Early Childcare Assistant

Why Professionals With Early Childcare Assistant Training Encourage Free Play

March 23, 2018

child playing with toy

Recent studies have shown that the proportion of time that North American children spend in free play has declined significantly over recent decades. Free play offers many benefits, however, which is why this trend concerns many working in child care.

Early childcare assistants know that free play can help young learners problem solve, gain a sense of independence, and much more. Here’s a closer look at why free play is so important.

What Is Free Play and What Are the Activities That Constitute It?

Free play time is best understood as being play time for a child that doesn’t involve any organized input or direction from an adult. It can be a group or individual activity, simply consisting of whatever playtime activity children feel like doing at that particular time.

child opening up playhouse window

Free play can include many different activities

Left to their own devices, children may opt to dance, draw, dress-up, play games like hide-and-seek, take part in informal ball games, or any number of other activities. Free play has been linked with building problem-solving skills, fostering independence, and stimulating emotional development as children deal with the varied ups and downs that free play brings. It also acts as a socializing activity, helping young children learn how to interact and get along.

Why Should Free Play Concern Those With Early Childcare Assistant Training?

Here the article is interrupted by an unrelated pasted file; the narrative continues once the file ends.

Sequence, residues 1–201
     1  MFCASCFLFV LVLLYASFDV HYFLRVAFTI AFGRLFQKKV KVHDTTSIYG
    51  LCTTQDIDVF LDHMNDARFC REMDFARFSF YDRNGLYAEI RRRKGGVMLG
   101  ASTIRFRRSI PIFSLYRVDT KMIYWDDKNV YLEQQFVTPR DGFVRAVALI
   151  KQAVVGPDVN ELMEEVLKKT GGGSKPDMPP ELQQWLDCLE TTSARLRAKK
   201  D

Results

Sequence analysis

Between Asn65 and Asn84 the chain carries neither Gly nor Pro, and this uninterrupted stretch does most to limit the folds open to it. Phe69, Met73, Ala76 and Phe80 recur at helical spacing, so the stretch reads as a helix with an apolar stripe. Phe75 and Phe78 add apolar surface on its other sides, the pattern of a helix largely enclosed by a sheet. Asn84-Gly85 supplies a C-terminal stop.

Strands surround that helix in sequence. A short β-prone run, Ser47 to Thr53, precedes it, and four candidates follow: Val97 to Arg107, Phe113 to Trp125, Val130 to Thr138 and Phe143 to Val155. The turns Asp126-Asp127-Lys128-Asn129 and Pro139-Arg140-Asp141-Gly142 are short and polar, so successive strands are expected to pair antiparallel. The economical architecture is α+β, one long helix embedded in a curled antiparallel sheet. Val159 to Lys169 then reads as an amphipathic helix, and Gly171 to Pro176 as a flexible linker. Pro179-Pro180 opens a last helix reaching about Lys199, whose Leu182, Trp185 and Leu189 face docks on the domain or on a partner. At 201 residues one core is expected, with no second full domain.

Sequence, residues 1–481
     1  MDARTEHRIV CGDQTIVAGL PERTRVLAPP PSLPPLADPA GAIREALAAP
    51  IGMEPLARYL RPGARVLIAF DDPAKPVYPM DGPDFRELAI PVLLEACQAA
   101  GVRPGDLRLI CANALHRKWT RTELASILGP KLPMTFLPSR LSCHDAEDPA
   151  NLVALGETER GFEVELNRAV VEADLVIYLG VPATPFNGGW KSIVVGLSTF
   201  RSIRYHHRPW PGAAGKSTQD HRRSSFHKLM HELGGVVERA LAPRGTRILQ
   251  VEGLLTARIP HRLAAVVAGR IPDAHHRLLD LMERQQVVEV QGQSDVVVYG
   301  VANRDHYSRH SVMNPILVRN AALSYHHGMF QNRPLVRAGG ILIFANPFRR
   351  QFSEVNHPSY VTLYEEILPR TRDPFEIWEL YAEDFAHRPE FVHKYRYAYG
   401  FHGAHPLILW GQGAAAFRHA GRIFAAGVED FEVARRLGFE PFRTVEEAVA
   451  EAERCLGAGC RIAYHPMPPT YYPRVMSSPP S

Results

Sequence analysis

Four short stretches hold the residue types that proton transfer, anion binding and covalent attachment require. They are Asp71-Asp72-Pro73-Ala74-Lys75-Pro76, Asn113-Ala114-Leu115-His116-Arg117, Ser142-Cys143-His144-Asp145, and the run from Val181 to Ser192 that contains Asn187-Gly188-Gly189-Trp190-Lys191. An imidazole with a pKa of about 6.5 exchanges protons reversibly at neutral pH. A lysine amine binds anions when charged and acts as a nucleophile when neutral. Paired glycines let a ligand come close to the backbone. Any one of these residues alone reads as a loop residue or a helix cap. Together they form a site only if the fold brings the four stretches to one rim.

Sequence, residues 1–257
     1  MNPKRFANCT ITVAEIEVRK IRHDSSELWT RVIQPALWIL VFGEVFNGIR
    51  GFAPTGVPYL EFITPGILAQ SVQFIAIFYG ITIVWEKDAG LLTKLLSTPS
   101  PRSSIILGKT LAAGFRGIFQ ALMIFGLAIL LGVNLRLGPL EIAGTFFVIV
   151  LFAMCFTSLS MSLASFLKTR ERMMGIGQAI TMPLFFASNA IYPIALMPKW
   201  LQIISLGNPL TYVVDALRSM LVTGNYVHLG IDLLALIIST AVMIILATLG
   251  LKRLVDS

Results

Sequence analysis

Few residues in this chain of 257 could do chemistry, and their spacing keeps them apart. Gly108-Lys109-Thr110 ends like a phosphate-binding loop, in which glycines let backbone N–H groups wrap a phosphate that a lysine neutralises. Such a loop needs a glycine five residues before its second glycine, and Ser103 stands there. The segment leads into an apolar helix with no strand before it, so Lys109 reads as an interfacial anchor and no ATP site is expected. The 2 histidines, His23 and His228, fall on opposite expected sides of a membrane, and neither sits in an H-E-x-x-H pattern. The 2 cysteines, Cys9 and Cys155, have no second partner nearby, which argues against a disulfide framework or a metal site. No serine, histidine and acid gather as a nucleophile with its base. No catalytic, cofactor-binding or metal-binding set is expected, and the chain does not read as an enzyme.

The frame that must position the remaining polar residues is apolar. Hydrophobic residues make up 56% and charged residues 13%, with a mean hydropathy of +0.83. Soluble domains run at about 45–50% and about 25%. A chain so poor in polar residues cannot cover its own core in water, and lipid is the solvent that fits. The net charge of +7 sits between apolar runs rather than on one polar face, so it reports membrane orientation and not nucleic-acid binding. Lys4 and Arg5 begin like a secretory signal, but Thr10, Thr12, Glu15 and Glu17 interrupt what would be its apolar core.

Recent studies have shown that free play time for children in the US and Canada has been decreasing since the 1950s. Increased parental control over children’s time and the proliferation of organized sporting and after school activities has eroded the amount of time left for unstructured free play. This reduction in free play time has coincided with an increase in mental health problems among children, with some health professionals reporting that cases of anxiety are “soaring” among Canadian children.

This issue concerns many professionals with early childcare assistant training. Children attending preschool or childcare centres are at a crucial stage in their mental and emotional development. Authorities like the Public Health Agency of Canada have also stated that children should be physically active for at least one hour every day. The reduction of physical free play time means more children are not meeting this minimum threshold.

What Can Grads of ECA Courses Do to Encourage Free Play and Maximize Its Benefits?

Early childcare assistants know that striking the right balance in terms of directed activities and free play time is increasingly important. While graduates of ECA courses can only influence the routines of children while the children are in their care, they can make a positive impact by saving plenty of time for free play.

One misconception that professionals should seek to see past is that free play must be unsupervised. This is not the case. While early childcare assistants don’t structure free play activities, they still actively supervise kids to ensure safety. Supervisors can still give children the space and independence to choose their own activities. Directing children towards the most suitable physical space and allotting sufficient time for this unstructured play time will increase the benefits felt. A professional who works to facilitate free play time will allow children to consistently reap its benefits, while always reserving the option to intervene if necessary.

Do you want to become a childcare professional?

If so, contact Medix College to learn more about earning an early childcare assistant diploma.

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